United Jersey Bank v. Kensey

A-3444-97T2 (N.J. Super. App. Div. 1999) (Unpublished)
  • Opinion Date: May 7, 1999

MORTGAGES; FORECLOSURE—A lender does not have a duty to furnish its borrower with a copy of its internal appraisal where the borrower could have obtained its own property appraisal.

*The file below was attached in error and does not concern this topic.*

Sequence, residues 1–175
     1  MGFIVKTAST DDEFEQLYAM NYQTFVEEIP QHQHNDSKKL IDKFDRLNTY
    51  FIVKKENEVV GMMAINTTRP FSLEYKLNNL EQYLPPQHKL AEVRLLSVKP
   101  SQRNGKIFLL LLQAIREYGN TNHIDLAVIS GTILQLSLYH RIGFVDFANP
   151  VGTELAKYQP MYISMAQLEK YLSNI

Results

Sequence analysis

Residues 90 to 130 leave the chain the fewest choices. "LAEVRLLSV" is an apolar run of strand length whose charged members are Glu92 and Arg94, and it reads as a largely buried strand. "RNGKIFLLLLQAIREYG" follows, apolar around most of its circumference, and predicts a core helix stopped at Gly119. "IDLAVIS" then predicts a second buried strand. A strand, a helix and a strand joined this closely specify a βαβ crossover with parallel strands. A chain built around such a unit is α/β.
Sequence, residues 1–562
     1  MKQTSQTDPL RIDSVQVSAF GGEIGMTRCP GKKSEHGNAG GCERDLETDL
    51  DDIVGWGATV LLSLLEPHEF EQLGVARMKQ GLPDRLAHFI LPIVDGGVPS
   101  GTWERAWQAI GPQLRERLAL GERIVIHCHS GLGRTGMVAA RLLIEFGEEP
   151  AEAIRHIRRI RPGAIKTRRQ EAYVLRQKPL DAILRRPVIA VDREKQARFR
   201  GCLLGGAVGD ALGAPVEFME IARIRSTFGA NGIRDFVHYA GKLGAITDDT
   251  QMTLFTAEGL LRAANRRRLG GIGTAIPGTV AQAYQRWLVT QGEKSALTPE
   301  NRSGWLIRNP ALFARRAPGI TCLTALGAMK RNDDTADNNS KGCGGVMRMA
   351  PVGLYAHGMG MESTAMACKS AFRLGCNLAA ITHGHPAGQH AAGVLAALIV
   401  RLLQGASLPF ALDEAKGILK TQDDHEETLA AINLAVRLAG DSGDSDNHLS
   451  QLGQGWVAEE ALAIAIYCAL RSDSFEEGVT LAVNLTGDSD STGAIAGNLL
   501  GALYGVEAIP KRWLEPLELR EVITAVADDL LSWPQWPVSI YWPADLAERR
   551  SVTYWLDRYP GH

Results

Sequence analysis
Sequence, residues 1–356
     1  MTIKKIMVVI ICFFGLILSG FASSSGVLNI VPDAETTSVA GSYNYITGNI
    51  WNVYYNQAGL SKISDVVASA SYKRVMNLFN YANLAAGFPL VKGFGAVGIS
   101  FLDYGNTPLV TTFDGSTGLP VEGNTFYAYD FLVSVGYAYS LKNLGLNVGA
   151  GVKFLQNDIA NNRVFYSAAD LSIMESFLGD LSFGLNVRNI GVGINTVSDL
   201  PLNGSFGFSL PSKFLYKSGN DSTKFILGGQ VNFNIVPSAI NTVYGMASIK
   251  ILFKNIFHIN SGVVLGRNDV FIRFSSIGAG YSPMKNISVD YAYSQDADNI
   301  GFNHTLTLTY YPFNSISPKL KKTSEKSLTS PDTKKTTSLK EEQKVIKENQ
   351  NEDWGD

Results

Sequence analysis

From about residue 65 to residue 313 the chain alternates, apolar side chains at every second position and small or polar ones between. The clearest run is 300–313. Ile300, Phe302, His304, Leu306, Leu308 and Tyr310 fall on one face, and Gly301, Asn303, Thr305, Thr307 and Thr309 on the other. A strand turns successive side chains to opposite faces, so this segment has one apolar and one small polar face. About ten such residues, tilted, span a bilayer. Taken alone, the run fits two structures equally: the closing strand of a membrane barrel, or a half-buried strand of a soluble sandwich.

In a previous, related case, United Jersey Bank v Kensey, 306 N.J. Super. 540 (App. Div. 1997), cert. den, 153 N.J. 402 (1998), the Court affirmed summary judgment for a lender in its foreclosure action. In the current matter, the Court, for the same reasons, found in favor of the lender in a suit on the related promissory notes. In its defense to the foreclosure action and now to the collection action, the mortgagor alleged that the bank’s failure to disclose an internal appraisal of the value of properties purchased by the mortgagor, and for which the promissory notes were given, deceived the mortgagor into taking the loan. In the earlier case, the Appellate Division said, “[w]e discern no basis to impose liability on [the mortgagee]. To be sure, banks are not popular institutions. Only bankers and bank robbers love banks. But, we perceive no sound reason to impose upon a bank the responsibility to supply a potential borrower with its estimate of the value of the subject property, at least where, as here, the borrower has the ability to make that determination. The principal factors shaping the duty to disclose ‘have been the difference in bargaining power’ between the parties ‘and the difference in access to information.’ Neither factor is present in this case. Defendants were not neophytes to real estate transactions. They saw advantage and profit in [their seller’s] failing financial condition. The [mortgagor] gambled and lost. The loss should remain where lack of success in the market place has put it.” Consequently, for the same reasons as it denied the mortgagor’s claim in the related foreclosure action, the Court denied its claim in the collection action.